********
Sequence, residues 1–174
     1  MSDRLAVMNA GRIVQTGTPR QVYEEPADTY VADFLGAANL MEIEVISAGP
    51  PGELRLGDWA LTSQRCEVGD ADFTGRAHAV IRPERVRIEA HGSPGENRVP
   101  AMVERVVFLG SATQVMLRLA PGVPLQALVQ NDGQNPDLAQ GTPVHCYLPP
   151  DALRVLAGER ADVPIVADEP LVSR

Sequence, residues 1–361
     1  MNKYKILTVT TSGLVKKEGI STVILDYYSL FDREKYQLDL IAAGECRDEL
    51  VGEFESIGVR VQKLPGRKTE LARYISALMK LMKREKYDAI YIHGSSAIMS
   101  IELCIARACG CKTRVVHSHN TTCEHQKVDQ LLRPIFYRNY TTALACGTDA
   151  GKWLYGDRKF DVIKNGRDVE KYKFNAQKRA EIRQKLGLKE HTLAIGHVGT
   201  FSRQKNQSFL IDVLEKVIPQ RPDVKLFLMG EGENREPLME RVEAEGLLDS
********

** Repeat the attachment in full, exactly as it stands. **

Sequence, residues 1–174
     1  MSDRLAVMNA GRIVQTGTPR QVYEEPADTY VADFLGAANL MEIEVISAGP
    51  PGELRLGDWA LTSQRCEVGD ADFTGRAHAV IRPERVRIEA HGSPGENRVP
   101  AMVERVVFLG SATQVMLRLA PGVPLQALVQ NDGQNPDLAQ GTPVHCYLPP
   151  DALRVLAGER ADVPIVADEP LVSR

Sequence, residues 1–361
     1  MNKYKILTVT TSGLVKKEGI STVILDYYSL FDREKYQLDL IAAGECRDEL
    51  VGEFESIGVR VQKLPGRKTE LARYISALMK LMKREKYDAI YIHGSSAIMS
   101  IELCIARACG CKTRVVHSHN TTCEHQKVDQ LLRPIFYRNY TTALACGTDA
   151  GKWLYGDRKF DVIKNGRDVE KYKFNAQKRA EIRQKLGLKE HTLAIGHVGT
   201  FSRQKNQSFL IDVLEKVIPQ RPDVKLFLMG EGENREPLME RVEAEGLLDS